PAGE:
- 6. Epidemiology, n.: the science dealing with epidemics - epidemiologist, n.: a specialist in epidemiology - epidemiological, adj.: pertaining to epidemiology. The meaning of these terms has expanded greatly, and epidemiology now covers the study of relations between a biological or medical phenomenon and various factors, such as tobacco for example in "the epidemiology of lung cancer," or alternatively the statistical analysis of geographic variations in health phenomena.
Demographers devote particular attention to certain aspects of mortality: endogenous mortality 1 which results from the genetic constitution of the individual, congenital malformations 2, injuries connected with birth, or degenerative diseases associated with aging; exogenous mortality 3, in contrast, results from external causes such as infectious or parasitic diseases and accidental injuries other than those incurred by the child during birth. Also of special interest are diseases connected with pregnancy, labor and the puerperium 4. Mortality from these latter diseases is called maternal mortality 5, and a maternal death rate 6 may be computed as the ratio of maternal deaths in a year to the births of the same year. The proportion of deaths due to senility 7 has mostly drawn interest as an index of poor reporting of causes of death.
- 1. Infant mortality (410-1) can thus be decomposed into endogenous infant mortality and exogenous infant mortality.
- 3. See note 1.
- 4. The puerperium is the lying-in period following a birth, and the mortality of mothers during the period is called puerperal mortality.
- 6. Maternal death rate is an inappropriate, but commonly used, term for a simple ratio.
- 7. Senility n. - senile, adj.
Three aspects of morbidity (420-1) are commonly measured by morbidity rates 1 or morbidity ratios 1: frequency, duration and severity. These indices may be computed for specific diseases, or for all diseases. Two indices of the frequency of ill-health are the incidence rate 2, the number of new cases of disease during the period related to the average population, and the prevalence rate 3, the number of cases existing at a given moment of time expressed per unit of the average population. Either the average duration per case 4, or the disability rate 5, which is the mean number of days of illness 5 per person in the population, may serve as a measure of the duration of illness. The case fatality rate 6, which is the proportion of fatal cases among the reported cases of the specified diseases, may be used as an index of severity.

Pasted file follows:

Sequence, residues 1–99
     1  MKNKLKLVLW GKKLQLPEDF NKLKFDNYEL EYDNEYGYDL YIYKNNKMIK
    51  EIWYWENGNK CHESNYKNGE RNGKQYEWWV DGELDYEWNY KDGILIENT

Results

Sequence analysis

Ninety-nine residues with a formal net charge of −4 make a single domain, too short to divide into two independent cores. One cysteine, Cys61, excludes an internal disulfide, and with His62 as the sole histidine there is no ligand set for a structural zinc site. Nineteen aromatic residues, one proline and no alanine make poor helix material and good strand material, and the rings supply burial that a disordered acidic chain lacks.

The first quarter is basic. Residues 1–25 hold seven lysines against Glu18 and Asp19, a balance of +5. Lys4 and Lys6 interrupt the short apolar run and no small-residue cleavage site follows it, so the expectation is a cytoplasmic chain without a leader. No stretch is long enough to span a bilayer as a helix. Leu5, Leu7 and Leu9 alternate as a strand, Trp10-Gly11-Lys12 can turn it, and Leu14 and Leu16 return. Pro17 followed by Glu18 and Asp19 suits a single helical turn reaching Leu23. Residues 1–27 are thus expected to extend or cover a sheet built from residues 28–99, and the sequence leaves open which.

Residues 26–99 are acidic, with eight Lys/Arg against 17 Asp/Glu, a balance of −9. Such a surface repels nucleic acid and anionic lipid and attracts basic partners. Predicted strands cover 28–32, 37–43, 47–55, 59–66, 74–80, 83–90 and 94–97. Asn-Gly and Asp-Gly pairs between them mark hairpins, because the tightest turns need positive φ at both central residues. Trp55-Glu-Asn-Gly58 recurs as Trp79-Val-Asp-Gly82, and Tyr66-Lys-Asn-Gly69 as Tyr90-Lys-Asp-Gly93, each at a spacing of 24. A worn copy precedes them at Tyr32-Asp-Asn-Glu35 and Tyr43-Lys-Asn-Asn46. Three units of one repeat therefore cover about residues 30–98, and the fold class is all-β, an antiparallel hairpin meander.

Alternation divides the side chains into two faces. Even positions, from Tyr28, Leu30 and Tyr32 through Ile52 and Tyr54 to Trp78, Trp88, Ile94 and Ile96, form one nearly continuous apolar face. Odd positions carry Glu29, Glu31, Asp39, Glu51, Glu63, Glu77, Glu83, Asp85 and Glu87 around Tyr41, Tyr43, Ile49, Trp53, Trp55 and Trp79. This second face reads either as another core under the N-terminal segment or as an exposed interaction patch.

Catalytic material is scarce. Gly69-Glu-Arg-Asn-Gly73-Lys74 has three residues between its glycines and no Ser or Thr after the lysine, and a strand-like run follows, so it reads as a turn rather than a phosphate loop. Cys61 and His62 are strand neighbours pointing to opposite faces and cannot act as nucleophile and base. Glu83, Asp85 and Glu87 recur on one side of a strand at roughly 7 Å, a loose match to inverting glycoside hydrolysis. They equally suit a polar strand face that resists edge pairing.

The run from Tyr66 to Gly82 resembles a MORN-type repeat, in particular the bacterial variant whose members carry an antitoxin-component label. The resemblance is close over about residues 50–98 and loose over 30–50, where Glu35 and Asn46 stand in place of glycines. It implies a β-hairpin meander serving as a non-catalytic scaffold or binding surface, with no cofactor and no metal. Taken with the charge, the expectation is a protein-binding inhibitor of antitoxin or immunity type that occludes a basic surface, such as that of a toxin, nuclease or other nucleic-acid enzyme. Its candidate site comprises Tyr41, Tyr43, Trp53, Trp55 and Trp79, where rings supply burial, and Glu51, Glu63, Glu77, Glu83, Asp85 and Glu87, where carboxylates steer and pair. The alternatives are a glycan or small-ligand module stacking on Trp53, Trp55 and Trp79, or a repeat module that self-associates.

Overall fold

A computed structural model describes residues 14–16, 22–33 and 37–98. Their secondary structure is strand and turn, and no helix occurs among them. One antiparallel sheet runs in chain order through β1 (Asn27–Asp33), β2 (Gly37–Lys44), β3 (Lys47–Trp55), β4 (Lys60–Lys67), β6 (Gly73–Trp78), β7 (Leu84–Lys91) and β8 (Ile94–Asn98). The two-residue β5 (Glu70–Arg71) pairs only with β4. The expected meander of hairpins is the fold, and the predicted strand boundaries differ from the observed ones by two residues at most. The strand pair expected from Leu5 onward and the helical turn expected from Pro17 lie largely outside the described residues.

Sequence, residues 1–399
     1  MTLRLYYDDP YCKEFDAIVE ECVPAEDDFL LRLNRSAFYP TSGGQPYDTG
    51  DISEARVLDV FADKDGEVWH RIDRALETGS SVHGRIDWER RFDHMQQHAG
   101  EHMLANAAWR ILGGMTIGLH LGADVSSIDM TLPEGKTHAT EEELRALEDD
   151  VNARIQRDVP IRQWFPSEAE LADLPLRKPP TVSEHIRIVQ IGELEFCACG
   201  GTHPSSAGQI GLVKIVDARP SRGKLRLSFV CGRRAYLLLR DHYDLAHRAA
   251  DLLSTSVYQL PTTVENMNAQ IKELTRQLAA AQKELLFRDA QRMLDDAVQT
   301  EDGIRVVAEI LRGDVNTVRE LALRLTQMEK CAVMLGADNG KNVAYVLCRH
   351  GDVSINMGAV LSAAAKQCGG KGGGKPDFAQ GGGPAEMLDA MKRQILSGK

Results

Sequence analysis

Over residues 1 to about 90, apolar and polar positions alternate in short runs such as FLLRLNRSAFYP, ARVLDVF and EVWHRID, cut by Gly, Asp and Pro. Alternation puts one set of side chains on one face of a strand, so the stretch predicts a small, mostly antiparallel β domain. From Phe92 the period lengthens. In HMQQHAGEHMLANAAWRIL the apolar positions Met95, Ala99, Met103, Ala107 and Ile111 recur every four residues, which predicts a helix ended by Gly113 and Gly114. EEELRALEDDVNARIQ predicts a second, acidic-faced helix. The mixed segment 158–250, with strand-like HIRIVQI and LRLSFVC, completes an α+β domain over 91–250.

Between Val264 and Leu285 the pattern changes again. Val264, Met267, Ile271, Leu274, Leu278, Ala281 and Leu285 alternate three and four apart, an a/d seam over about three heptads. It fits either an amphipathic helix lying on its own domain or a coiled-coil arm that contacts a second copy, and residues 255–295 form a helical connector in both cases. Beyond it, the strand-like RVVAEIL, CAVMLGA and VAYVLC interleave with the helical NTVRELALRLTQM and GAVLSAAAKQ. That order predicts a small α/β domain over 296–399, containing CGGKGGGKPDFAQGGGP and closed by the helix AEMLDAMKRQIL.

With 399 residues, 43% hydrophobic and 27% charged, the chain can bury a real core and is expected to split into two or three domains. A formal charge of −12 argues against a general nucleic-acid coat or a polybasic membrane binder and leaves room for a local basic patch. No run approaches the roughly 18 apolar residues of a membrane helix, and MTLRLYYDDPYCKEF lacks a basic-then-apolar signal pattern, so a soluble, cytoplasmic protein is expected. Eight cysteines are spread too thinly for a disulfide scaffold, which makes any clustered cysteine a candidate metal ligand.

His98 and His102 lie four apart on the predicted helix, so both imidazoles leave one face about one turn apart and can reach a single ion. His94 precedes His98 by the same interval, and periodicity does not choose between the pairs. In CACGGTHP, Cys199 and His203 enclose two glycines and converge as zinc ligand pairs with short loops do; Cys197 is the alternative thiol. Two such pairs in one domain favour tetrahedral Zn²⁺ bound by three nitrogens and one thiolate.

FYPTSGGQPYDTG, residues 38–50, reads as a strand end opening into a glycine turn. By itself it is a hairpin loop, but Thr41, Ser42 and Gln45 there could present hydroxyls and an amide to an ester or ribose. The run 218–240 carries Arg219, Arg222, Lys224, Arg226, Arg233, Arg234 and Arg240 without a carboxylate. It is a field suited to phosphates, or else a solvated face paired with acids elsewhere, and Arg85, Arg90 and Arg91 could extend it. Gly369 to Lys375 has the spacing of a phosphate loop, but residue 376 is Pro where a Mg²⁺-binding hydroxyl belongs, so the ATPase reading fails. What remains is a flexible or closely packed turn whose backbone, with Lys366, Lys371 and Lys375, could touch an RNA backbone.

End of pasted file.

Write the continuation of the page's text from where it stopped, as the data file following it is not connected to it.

- 5. Disability rate is an inappropriate, but commonly used, term for a ratio of the number of days lived with illness divided by the number of days lived by the entire population, both in the same time interval.
- 6. This is said to measure the lethality of the disease.
An impairment 1 refers to any physical, functional or psychological defect, which results from illness, injury or congenital malformation. When an impairment inhibits an individual’s ability to work or participate in normal activities it is referred to as incapacity 2 or disability 2. This may be total or partial; in either case, permanent disability 3 or infirmity 4 refer to an irreversible condition which gives rights to professional incapacity 7★ or work incapacity 8★ compensations. The probability that a healthy individual aged exactly x years will become disabled in the next year or over the course of some number of years starting with this exact age, is called the risk of disability 5 or the probability of disability 5. A series of these probabilities can be combined into a disability table 6, which is a specialized extension of the life table (cf. §432).